The current research had three main purposes: (a) compare and evaluate income-to-needs ratios based on 1999 Minnesota actual court decisions and five alternative strategies in the legal literature for achieving more equitable outcomes than current procedures (b) evaluate the degree to which five alternative strategies for dissolving the economic partnership of marriage and 1999 Minnesota actual court decisions provided adequate incomes for male and female-headed households based on the needs standard of poverty level income guidelines (c) explore the influences of household/gender (male or female-headed household), pre-divorce total gross income, and length of marriage on the post-divorce incomes produced by the five alternative strategies and the 1999 Minnesota actual court decisions. Post-divorce households’ “economic sufficiency” was explored after the economic partnership had been legally dissolved, at the date of divorce.
The term economic sufficiency was used as opposed to “economic well being,” because economic well-being addresses time, money resources, and factors such as parental education, work history, the dollar value of durable goods, and social support that were beyond the scope of this dissertation (Rettig & Leichtentritt, 2000). Expressions such as adequacy, sufficiency, and reasonableness are all different terms to describe the incomes families need to live.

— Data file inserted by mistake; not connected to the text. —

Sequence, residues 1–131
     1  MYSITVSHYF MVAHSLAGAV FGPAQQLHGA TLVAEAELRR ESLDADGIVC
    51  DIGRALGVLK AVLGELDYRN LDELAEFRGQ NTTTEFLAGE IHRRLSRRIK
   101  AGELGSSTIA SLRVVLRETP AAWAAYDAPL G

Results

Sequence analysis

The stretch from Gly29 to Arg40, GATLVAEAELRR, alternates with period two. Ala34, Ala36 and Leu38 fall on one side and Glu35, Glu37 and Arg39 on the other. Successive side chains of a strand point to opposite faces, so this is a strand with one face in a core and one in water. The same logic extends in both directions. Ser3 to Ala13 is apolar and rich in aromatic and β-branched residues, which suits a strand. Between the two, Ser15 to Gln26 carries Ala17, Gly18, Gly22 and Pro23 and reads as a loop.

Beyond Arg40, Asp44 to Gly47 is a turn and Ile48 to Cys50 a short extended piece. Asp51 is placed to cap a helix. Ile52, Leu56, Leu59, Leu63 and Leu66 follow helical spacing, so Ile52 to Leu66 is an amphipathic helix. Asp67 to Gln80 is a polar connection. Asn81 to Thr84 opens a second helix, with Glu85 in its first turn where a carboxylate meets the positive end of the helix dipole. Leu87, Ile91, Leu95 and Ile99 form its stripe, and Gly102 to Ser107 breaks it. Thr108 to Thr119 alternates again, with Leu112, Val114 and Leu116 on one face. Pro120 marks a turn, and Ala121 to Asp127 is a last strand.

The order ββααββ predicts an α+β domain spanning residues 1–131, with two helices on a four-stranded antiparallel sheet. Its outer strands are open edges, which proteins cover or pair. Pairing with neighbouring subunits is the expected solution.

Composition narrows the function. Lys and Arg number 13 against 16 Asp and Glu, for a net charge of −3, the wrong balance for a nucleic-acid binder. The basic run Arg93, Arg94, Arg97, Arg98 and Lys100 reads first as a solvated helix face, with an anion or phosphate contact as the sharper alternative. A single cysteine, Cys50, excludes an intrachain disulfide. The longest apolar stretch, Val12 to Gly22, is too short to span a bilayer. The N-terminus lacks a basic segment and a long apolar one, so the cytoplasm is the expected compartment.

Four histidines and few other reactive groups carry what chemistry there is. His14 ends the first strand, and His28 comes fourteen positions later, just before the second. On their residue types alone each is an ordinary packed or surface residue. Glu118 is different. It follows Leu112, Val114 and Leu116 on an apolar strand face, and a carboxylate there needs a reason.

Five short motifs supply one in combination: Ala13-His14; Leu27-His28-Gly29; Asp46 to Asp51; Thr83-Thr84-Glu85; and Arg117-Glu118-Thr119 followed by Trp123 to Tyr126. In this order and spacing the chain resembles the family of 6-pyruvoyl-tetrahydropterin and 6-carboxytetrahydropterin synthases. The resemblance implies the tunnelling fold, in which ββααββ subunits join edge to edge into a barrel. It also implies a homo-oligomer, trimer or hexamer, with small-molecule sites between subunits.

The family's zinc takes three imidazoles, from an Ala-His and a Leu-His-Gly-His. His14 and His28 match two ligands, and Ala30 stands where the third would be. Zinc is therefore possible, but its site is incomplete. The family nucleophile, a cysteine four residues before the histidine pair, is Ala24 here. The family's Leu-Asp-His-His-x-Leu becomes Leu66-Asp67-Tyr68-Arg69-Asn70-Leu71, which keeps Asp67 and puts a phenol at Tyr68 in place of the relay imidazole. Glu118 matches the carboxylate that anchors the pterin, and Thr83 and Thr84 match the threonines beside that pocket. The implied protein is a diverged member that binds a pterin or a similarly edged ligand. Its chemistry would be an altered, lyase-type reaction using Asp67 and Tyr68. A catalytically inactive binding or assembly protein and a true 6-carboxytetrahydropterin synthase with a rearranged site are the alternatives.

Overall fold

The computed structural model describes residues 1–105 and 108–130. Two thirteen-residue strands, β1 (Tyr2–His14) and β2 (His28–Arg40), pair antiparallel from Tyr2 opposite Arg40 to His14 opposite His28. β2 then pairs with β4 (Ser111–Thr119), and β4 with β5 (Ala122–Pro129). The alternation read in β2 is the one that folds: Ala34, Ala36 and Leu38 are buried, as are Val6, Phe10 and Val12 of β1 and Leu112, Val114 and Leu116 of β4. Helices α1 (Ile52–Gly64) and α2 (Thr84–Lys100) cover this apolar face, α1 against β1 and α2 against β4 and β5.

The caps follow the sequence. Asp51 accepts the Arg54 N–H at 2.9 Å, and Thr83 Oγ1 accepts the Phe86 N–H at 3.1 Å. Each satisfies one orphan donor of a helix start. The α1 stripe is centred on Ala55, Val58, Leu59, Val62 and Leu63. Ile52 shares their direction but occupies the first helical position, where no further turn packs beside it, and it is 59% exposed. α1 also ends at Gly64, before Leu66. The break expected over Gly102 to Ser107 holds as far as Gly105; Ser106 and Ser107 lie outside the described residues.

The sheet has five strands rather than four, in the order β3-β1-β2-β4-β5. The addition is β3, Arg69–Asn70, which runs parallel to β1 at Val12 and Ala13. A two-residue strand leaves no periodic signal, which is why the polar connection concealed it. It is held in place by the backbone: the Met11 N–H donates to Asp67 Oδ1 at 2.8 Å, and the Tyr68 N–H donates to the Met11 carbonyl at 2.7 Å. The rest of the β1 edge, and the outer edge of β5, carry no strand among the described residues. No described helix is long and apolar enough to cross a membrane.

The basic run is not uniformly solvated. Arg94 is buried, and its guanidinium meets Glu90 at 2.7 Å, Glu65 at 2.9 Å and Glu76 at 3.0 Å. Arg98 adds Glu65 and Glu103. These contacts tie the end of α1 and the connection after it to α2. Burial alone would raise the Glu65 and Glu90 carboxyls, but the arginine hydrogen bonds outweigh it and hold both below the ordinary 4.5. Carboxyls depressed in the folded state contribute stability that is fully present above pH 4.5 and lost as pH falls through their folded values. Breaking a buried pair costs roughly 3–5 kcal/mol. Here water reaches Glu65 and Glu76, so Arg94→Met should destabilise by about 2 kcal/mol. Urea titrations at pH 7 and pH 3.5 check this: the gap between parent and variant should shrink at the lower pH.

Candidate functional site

These different terms are all value judgments that are widely debated (Bernstein, Brocht, Gunderson & Bernstein, 2000). For the purposes of this research, the term income sufficiency was used to refer to the degree to which families have enough income for their financial needs, based on a national standard for a minimum subsistence level of living, poverty level income guidelines. Research Questions There were three research questions in the current study: First, how equitable were the income-to-needs ratios of the actual court order and the alternative strategies and how do they compare to one another? Second, do the strategies provide adequate incomes for male and female-headed households based on the needs standard of poverty level income guidelines?
Third, what effects do strategy, household/gender, length of marriage, and pre-divorce total gross income have on post-divorce income-to-needs ratios? Review of Literature The literature and research studies reviewed include the background information of descriptions of divorce procedures, historical origins of divorce law and spousal maintenance, and the current practices for ordering spousal maintenance. The background information is followed by the principles for ordering spousal maintenance, problems with the current methods, and alternative proposals suggested in the literature to improve current practices. Finally, the position of the current study within the literature and potential contributions will be highlighted.